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. Last Updated: 07/27/2016

Tough Guy Charles Bronson Dead, 81

NEW YORK -- Charles Bronson, a muscular coal miner from Pennsylvania who became an international film star and archetypal American tough guy, died Saturday at Cedars-Sinai Medical Center in Los Angeles from pneumonia. He was 81.

Bronson was acclaimed in Italy as Il Brutto, or The Ugly One, and in France he was one of the monstres sacris of the cinema. His acceptance in the United States was delayed and muted, with critics sour on the violence that stalked the scripts of his films and not so sure that someone so typecast could really act.

Bronson was best known for his roles in what were some of Hollywood's most violent films of the 1970's. None were more violent than the 1974 movie "Death Wish."

The critics denounced the film as a vehicle for legitimizing violent behavior. Vincent Canby, reviewing it for The New York Times, called it "a despicable movie, one that raises complex questions in order to offer bigoted, frivolous, oversimplified answers."

The movie nevertheless became a hit and made Bronson, then in his early 50s and already a success in Europe, a star in the United States. Responding to critics' complaints, he said, "We don't make movies for critics, since they don't pay to see them anyhow."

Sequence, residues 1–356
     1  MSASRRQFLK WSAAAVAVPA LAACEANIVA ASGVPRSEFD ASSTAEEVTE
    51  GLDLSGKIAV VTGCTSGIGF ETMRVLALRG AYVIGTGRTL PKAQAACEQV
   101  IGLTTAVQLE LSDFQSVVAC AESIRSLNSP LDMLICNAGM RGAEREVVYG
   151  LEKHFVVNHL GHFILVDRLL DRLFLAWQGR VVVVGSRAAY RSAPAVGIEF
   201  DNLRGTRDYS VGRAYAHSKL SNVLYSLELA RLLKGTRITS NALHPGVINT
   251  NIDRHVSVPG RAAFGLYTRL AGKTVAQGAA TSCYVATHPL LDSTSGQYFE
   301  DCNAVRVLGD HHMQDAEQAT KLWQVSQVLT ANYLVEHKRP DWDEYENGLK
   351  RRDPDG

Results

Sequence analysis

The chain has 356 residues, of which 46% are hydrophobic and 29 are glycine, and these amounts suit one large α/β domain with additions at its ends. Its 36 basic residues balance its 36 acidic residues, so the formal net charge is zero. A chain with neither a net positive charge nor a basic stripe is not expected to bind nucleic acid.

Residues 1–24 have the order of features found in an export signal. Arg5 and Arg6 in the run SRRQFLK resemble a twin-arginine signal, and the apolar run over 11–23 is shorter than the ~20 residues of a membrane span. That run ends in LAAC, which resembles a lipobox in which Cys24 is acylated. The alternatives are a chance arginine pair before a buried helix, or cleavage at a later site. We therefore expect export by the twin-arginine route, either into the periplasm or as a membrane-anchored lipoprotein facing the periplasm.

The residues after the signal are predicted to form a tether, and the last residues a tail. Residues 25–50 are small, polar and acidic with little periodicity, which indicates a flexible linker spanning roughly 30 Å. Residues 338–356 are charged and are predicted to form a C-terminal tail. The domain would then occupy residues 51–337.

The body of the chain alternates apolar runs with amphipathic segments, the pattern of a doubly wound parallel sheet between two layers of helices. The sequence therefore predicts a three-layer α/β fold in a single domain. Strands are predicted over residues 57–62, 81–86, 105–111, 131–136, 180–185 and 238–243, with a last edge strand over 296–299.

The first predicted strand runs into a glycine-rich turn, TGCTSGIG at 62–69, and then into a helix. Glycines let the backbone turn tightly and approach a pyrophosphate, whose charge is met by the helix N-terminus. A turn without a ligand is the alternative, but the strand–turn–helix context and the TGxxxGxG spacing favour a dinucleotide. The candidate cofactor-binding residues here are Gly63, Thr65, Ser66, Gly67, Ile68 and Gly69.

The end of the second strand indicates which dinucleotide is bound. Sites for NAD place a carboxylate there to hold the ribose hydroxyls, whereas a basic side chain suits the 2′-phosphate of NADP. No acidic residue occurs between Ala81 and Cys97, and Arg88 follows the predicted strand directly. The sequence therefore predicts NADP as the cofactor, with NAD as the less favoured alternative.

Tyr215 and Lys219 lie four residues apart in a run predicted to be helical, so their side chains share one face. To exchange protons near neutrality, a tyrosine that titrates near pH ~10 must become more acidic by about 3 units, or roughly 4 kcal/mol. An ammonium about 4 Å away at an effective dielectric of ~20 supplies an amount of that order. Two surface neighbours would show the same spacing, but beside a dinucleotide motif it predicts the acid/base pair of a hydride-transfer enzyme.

But privately he was upset at his typecasting and longed to play more challenging roles.

Bronson was born on Nov. 3, 1921, in Ehrenfeld, Pennsylvania, a coal-mining town. His real name was Charles Buchinsky, and he was the 11th of 15 children born to Lithuanian immigrants. His family was so poor that when he was six he was sent to school in a dress, a hand-me-down from an older sister.

In 1943, he was drafted into the army. After the war, Bronson held various jobs. He went to Atlantic City, where he rented out beach chairs on the boardwalk. There he met some vacationing actors from a Philadelphia troupe and persuaded them to let him demonstrate his ability to paint scenery. They were impressed and hired him, then let him do a bit of acting.

Bronson found that he liked acting more than painting, and in 1949 he went to California. In 1951 he had a minor role in "You're in the Navy Now," which starred Gary Cooper. Bronson later explained that he got the part because he was the only one among the auditioning actors who could belch on cue.

By the 1970s, Bronson had a loyal following, and even many critics agreed that although the scripts were usually bad, Bronson could be counted on to turn in a good performance.